I am an RV enthusiast with more than 50 years of experience owning, driving, traveling and living in recreational vehicles.
There are a number of reasons why owning a recreational vehicle may not be a good idea, and people should give them careful thought before making a decision about buying one.
Owning and traveling in a motor home or camper is a dream held dear by many, but for some it can turn into a nightmare. This is why all aspects of this type of vacationing should be taken into account before people become involved.
RV travel is not what it once was, so it is important to understand the way it is now and not be reminiscing about the way it once was.
1. All RVs Are Expensive to Own and Travel In
I have written numerous articles about how much money it takes to buy and maintain travel units.
- If you are not in a position to pay for let alone maintain a coach, you have no business purchasing one because the expenses never end.
- As a result, your coach will deteriorate quickly and lose its value. When this happens, you will lose a great deal of money.
There are many hidden costs, and there is no way to sidestep them. So, be aware before you buy that the asking price is only the beginning step onto a long road of unending spending.
2. RVing Is Not for Those in Poor Health
People with serious health conditions should never buy recreational vehicles because if they do, they are very likely to find themselves in difficult situations.
- Traveling in these vehicles can make health conditions worse and sometimes leave people in areas where only scant medical help is available. This can be life threatening.
- Road vibration, which is constant when you are driving, makes certain health conditions such as Arthritis and back problems more painful.
- People often find themselves far from medical facilities or near those that are substandard.
- Breakdowns can and do happen. When help is not available, doing repairs yourself is almost impossible.
Time and again I have watched people who really are too ill to be traveling insist on purchasing motor homes and campers. Many were literally risking their lives to do so.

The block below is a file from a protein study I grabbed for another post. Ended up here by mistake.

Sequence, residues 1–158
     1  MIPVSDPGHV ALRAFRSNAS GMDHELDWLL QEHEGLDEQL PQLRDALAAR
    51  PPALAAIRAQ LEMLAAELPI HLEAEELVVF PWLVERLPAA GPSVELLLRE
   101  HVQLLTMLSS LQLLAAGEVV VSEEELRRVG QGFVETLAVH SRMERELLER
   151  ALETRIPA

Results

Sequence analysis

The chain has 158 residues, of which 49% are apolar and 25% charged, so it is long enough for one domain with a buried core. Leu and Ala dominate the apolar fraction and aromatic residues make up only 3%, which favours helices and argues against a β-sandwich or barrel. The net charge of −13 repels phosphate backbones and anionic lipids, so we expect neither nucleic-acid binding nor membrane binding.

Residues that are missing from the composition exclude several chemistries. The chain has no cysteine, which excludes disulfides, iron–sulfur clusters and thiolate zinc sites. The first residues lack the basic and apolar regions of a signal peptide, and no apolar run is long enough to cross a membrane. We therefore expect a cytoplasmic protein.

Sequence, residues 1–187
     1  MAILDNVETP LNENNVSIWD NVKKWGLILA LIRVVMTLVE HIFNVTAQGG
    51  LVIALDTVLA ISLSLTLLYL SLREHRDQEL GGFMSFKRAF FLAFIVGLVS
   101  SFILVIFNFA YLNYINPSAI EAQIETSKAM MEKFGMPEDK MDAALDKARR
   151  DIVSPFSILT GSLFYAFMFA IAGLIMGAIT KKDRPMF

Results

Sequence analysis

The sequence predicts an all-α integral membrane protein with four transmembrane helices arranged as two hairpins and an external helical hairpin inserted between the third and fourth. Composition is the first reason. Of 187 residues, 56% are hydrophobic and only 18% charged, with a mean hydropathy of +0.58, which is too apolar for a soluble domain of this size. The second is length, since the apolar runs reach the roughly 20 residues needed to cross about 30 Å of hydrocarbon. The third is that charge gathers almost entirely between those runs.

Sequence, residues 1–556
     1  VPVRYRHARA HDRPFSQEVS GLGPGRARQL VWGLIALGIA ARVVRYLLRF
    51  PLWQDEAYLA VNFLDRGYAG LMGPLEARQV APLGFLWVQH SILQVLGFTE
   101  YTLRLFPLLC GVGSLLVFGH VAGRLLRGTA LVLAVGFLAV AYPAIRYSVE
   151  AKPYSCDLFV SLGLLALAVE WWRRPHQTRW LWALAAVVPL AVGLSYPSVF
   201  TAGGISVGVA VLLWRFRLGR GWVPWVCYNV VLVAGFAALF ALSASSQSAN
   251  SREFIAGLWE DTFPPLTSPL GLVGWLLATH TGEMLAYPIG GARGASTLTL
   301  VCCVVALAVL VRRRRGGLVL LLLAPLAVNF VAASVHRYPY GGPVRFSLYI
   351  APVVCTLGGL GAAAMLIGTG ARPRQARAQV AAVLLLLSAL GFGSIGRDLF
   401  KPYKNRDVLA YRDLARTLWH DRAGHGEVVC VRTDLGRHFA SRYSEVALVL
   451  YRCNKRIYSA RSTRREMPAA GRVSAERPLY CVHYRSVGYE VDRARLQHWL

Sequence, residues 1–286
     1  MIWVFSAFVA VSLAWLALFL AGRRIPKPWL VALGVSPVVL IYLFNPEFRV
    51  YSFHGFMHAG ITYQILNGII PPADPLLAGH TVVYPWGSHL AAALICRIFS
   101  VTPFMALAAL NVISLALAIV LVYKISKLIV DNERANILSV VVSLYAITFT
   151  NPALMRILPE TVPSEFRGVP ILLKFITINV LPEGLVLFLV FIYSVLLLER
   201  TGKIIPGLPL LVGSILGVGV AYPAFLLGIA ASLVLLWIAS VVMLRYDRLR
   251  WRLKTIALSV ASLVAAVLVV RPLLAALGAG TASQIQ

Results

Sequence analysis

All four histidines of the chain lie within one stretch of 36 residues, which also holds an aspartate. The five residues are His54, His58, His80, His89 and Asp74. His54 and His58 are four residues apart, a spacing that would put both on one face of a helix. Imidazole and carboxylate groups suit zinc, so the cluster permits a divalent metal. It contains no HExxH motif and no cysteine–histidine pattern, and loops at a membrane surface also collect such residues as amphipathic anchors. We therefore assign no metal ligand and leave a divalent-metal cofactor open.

The problem was that in many cases, they were also risking the lives of others, as well.
3. Owning a Coach Is Hard Work
What few people will tell you is that owning an RV requires a great deal of hard work.
You have to
- load and unload before and after trips,
- hook and unhook the coach at campsites,
- deal with maintenance and repair issues,
- keep the interior and exterior clean,
- perform regular household chores,
- drive extremely long distances under all types of weather and traffic conditions and
- do laundry regularly.
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None of this is easy to do, can often be frustrating and can make some people wonder why they ever bought a coach when staying in hotels would be so much easier!
4. Injuries Happen Often
It is very easy to hurt yourself when you are traveling in an RV because you are in a different environment than what you are used to on a daily basis.
This makes it easier to fall, hit your head, slam doors on fingers and suffer from burns than when you are at home
Sometimes the injuries are small, but other times they can be life changers.
- One friend of mine fell out of the front door of her high motor home and landed on the hitch of her car. She never did totally recover from that accident.
- Another tripped while holding her grandchild, and to save the baby from injury, sacrificed herself. She landed on both elbows, and it took years for her to heal.
Accidents like these happen fairly often, so people need to be aware of the risks they take when they travel in recreational vehicles.
5. Driving Hazards Are Plentiful
When elderly people buy and travel in motor homes or trailers, they not only pose a danger to themselves, but also to other drivers due to issues such as impaired vision and hearing, slower response times and lowered perception.
There is also a problem on the opposite end of the spectrum. Sometimes young families allow their children to move freely in their motor homes because they feel they will be more comfortable than they would be if strapped in.
Doing this is dangerous and is also illegal.